RBS falls on triple announcement

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The Independent Online
SHARES in Royal Bank of Scotland tumbled 21p to 153p yesterday after it announced a preference share issue, a profits warning for 1992, and a pounds 418m law suit in the same breath, writes Lisa Vaughan.

By coincidence, RBS announced that it planned to raise dollars 200m ( pounds 106m) through the issue of non-cumulative dollar preference shares just after a former customer began legal proceedings against the bank.

RBS said in its registration with the US Securities and Exchange Commission that it did not expect any improvement in the UK economy in the short term and expected business conditions to remain difficult for the group for at least the rest of 1992.

'Consequently, management believes provisions for loan losses in fiscal 1992 are likely to exceed those experienced in 1991 and this will have an adverse effect on the group's results for the year ending 30 September, 1992,' it said.

Stockbrokers' analysts lifted their estimates for RBS's bad debt provisions for 1992 and downgraded their profits forecasts.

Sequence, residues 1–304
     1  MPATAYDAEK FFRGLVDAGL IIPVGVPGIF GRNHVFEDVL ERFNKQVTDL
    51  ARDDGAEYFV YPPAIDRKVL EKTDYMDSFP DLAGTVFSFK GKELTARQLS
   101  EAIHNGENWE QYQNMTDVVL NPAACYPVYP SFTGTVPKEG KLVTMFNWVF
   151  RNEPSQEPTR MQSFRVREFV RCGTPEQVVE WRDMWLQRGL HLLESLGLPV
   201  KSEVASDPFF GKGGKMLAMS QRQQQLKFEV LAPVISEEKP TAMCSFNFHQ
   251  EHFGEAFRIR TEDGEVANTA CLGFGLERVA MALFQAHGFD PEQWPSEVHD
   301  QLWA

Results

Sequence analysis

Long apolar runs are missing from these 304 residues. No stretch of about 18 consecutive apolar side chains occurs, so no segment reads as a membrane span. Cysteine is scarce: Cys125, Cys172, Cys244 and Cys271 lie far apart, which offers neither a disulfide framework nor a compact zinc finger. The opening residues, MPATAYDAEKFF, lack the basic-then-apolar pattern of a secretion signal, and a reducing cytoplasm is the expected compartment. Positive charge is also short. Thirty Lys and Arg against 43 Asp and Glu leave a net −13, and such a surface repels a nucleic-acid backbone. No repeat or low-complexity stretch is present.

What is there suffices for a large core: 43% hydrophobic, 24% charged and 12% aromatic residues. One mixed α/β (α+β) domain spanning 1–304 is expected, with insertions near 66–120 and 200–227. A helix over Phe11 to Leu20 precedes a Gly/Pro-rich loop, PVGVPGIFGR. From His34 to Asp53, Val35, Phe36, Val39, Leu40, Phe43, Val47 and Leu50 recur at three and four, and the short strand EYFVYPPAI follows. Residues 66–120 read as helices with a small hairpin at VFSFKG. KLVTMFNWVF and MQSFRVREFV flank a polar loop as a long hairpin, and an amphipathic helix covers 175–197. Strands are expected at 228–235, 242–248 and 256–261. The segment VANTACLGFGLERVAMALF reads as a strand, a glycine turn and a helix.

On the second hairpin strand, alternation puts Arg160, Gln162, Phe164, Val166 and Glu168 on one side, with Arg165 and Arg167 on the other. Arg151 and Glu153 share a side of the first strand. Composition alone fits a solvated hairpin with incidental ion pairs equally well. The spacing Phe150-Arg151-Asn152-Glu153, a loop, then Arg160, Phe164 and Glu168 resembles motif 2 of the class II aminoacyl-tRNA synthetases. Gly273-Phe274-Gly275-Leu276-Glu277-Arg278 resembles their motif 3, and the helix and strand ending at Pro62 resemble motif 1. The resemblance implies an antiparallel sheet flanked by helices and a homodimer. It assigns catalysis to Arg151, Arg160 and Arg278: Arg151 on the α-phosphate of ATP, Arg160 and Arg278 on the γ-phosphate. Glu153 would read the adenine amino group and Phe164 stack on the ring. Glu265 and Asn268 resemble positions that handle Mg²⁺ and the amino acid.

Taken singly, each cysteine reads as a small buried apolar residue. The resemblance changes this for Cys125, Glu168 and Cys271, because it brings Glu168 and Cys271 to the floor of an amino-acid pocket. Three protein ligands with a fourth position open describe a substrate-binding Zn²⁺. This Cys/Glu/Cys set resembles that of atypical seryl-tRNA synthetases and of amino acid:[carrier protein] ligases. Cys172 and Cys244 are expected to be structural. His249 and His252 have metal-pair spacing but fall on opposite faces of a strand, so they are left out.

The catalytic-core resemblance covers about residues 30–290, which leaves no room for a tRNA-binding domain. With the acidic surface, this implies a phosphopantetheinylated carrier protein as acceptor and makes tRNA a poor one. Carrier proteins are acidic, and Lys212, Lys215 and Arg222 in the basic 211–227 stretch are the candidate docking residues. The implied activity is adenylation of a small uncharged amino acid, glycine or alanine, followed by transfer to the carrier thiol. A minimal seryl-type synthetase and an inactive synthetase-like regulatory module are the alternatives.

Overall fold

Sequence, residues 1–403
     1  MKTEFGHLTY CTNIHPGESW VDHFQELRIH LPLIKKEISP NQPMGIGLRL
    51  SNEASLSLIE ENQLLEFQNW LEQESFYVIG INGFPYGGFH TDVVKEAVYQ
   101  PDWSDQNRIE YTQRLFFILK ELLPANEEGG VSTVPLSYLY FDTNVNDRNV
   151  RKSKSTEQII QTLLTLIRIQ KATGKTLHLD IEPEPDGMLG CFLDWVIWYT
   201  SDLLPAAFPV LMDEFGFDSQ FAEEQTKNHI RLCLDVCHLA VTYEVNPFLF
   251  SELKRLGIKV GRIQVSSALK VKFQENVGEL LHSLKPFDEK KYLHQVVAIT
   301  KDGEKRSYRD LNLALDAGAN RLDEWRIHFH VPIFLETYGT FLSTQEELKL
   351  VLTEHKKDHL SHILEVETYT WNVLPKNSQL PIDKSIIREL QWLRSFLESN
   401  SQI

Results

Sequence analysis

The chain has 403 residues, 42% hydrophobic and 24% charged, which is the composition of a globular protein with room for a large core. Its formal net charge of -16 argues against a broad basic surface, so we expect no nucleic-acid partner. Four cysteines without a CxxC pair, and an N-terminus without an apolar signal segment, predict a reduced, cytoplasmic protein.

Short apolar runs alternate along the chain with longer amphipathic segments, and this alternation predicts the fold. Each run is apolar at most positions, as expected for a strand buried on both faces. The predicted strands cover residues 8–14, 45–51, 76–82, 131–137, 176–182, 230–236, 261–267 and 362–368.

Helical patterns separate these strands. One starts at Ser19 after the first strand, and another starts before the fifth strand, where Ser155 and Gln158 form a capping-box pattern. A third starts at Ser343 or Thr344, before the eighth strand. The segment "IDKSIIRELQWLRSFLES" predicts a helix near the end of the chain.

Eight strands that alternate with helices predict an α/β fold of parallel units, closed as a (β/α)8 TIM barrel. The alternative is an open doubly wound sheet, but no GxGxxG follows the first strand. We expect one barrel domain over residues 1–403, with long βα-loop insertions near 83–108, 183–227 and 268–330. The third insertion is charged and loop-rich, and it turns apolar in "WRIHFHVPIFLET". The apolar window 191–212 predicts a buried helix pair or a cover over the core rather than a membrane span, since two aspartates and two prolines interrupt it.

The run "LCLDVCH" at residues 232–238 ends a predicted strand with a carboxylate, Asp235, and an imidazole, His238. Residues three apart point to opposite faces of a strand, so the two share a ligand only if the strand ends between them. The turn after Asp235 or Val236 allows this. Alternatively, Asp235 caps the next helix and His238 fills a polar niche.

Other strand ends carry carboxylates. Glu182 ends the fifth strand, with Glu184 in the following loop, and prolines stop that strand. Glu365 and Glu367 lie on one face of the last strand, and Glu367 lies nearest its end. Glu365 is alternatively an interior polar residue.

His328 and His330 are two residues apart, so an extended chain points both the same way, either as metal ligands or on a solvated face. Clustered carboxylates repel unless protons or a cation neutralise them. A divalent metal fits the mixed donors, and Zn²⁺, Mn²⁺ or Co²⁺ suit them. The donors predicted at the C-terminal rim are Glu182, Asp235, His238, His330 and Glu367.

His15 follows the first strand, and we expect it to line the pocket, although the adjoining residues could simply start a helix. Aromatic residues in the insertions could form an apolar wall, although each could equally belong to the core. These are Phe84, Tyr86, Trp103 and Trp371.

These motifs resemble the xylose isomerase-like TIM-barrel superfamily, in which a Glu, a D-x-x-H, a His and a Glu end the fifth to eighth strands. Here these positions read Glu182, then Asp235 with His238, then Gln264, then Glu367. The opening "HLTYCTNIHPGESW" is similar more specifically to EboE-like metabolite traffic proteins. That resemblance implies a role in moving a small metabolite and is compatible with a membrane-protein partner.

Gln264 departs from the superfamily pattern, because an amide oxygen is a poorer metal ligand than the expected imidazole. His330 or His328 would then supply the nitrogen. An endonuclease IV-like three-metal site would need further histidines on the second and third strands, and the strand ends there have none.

Alison Deuchars of Smith New Court said she expected provisions of pounds 392m for 1992 compared with pounds 351m during 1991. She slashed her profits projection to pounds 57m from pounds 102m.

Kenneth Thomson, finance director, said that RBS's bad debts were entirely in the South-east, and in all sectors. 'We were not involved in the headline-grabbing corporate failures. But the security values don't match our lendings (because property values have declined) and we feel the need to provide for that.'

RBS lends mostly to small and medium-sized businesses and to the personal sector.

Mr Thomson said that RBS was launching the preference share issue to enable the bank to maintain its position as one of the better capitalised banks in the UK. The timing of the launch in US markets was right. 'The resultant strengthening of our capital ratios will be achieved again without recourse to our ordinary shareholders and in a highly cost-effective manner.'

RBS series C non-cumulative dollar preference shares, with a nominal value of one US cent each, will be issued as American depositary receipts in the US at a subscription price of dollars 25 each. The Bank of England has confirmed that the series C shares will qualify as Tier 1 capital.

RBS's pre-tax profits for the half-year to 31 March fell 34 per cent to pounds 48m. Its Tier 1 capital was well above Bank of England guidelines at 6.6 per cent.

The SEC is studying RBS's filing and the bank expects the shares could be issued next week at the earliest. It has applied to the London and New York stock exchanges to list the shares.